Transient over-expression of PDX-1 resulted in significant increase of cell proliferation by 150.3%±16.1% in HEK 293, 151.4%±10.5% in MIA PaCa2 and 130.1%±5.1% in HPDE as compared to empty vector transfected cells at 48h, respectively (Fig 1A). Co-transfection of PDX-1 shRNA to knockdown PDX-1 expression blocked cell proliferation (p=0.01, respectively) (Fig 1B).
Stably transfected cell lines overexpressing PDX-1 were used to determine long-term influence of PDX-1 on cell proliferation. The cells expressing PDX-1 had 133.7%± 11.2% in HEK 293 (p<0.05) (Fig 2A), 163.9%±15.2 (p<0.05) in MIA PaCa2 (Fig 2B) and 145.1%±8.2% (p<0.05) in HPDE (Fig 2C) increased cell proliferation as compared to control, respectively. PDX-1 shRNA reversed these effects shown Fig 2A, B, C. We noted that the proliferation in stable transfected HPDE was much higher than that in transient transfection of HPDE. To visualize the PDX-1 expression, we developed cells expressing GFP-PDX-1 in HEK 293 and MIA PaCa2 cells. The expression of PDX-1 was seen by GFP expression under microscopy (Fig 2D, 2E). During the 3 days of observation after PDX-1 shRNA transfection, we found a continuous reduction of signal strength and cell number in both HEK 293 (Fig 2D) and MIA PaCa2 cells (Fig 2E).
To determine PDX-1’s effect on cell invasion, we performed invasion studies using stably transfected HEK 293, MIA PaCa2 and HPDE cell lines with or without co-transfection PDX-1 shRNA. Invasive cells were seen by staining of migrated cells (Fig 3A, a representative figure by HEK 293 cells) and invasiveness was quantified by colorimetric assay as shown in Figures 3B, 3C and 3D. PDX-1 overexpression induced an increase of cell invasion by 278.6%±16.5% in HEK 293, 127.6%±5.1% in MIA PaCa2 and 162.4%±9.6% in HPDE cells compared to controls (P<0.05), respectively. Co-transfection of PDX-1 shRNA reversed the effect induced by PDX-1(p=0.01). These data indicate that PDX-1 overexpression increases cell invasion in both benign cells and pancreatic cancer cells, although the increase in MIA PaCa2 was lower than the other cell lines presumably due to the presence of endogenous PDX-1.
To test whether PDX-1 induces and promotes cell transformation in human cell lines, we performed anchorage-independent growth assay in soft agar plates. HEK 293 and MIA PaCa2 cells expressing PDX-1, GFP-PDX-1 or empty vectors were seeded in the soft agar plates to grow colonies. During culture, colony formation was studied by observing the number and size of colonies (Fig 4A and 4D), and PDX-1 expression was tracked by viewing GFP signal under microscopy in GFP-PDX-1 expressing colony formation (Fig 4A3 and 4D3). Colony numbers and size are shown Fig 4B, C, E, F. A significant increase in colony formation was found in all cells expressing PDX-1 as compared to controls. PDX-1 overexpression resulted in significantly increased colony numbers (71.3±2.6) in HEK 293 cells (Fig 4B), 42.7±3.8 in MIA PaCa2(Fig 4E) and 121.4±17.7 (not shown) in HPDE cells compared to empty vector controls 24.1±4.7 (p=0.005) in HEK, 28.3±3.3 in MIA PaCa2 (p=0.01) and 0 in HPDE cells, respectively. PDX-1 overexpression also increased colony size by 960.2±75.7 in HEK 293 (Fig 4E) and 1983.1±235.2 in MIA PaCa2 (Fig 4F) as compared to empty vector controls.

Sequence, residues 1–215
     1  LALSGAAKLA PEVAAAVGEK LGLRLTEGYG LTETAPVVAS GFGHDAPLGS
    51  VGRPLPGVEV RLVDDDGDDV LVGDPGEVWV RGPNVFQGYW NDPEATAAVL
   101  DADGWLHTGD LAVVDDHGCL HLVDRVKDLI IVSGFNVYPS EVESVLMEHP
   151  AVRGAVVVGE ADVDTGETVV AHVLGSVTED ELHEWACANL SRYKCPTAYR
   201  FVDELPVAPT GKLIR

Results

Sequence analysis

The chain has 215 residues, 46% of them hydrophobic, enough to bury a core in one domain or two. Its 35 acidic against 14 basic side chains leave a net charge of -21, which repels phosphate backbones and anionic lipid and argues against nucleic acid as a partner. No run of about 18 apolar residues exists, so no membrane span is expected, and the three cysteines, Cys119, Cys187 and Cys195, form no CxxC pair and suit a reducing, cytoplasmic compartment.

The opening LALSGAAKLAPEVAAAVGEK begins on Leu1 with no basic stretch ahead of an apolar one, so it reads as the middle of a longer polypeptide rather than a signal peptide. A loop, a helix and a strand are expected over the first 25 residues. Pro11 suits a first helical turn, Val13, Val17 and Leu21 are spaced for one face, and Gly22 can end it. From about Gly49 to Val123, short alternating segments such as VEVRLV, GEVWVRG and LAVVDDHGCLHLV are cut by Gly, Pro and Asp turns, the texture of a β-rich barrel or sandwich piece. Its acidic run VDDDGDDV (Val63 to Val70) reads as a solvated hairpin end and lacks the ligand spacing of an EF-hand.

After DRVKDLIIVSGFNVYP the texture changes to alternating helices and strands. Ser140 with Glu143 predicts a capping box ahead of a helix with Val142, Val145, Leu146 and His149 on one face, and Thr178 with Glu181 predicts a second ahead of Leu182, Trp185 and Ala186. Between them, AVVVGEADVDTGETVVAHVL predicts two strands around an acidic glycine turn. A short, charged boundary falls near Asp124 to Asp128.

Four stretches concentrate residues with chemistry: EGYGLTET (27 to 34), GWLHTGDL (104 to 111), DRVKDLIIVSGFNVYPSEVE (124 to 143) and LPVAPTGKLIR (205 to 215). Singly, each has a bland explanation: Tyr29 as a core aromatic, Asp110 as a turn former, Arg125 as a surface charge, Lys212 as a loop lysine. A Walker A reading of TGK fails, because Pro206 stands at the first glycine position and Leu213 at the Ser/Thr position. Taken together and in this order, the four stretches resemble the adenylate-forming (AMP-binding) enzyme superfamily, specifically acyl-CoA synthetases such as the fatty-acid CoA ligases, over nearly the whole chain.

To study the role of PDX-1 overexpression in vivo, we implanted HEK 293 or MIA PaCa2 cells, expressing PDX-1, GFP-PDX-1, or empty vector in SCID mice by sq injection at a dose of 3×107 cells/mouse. The mice were sacrificed at day 30 after cell inoculation and tumor information was collected. 5/5 mice developed tumors from PDX-1 overexpressing HEK 293 cells, whereas only 1/5 mouse developed a very small tumor from HEK 293 empty vector cells. The volume of PDX-1 overexpressing HEK tumors (Fig 5A, B) was 239.9±84.4mm3 vs 5.8mm3 for the empty vector cells(P<0.05 between all groups). As expected, both PDX-1 overexpressing and empty vector MIA PaCa2 cells generated tumors in mice, however, the volume of PDX-1 overexpressing MIA PaCa2 tumor was 545.3±35.2mm3 in PDX-1 and 325.8±19.3mm3 in empty vector control cells(P<0.05) (Fig 5C and D). Tumor volume in HEK 293 empty vector control cells was markedly smaller than that of the MIA PaC2 control cells reflecting that HEK 293 can serve as benign cells. PDX-1 expression in tumors was confirmed by immunostaining as shown in Fig 6A top panel. Changes of P53 and PCNA were detected in HEK 293 tumor samples in the presence or absence of PDX-1. As shown in Fig 6A middle and bottom panel, PDX-1 overexpression down-regulated P53 (34.5%±6.3%) expression and up-regulated PCNA expression (45.6%±9.4%) as compared to controls at 86.4%±10.2% (p=0.005) and 22.4%±5.3% (p=0.01), respectively.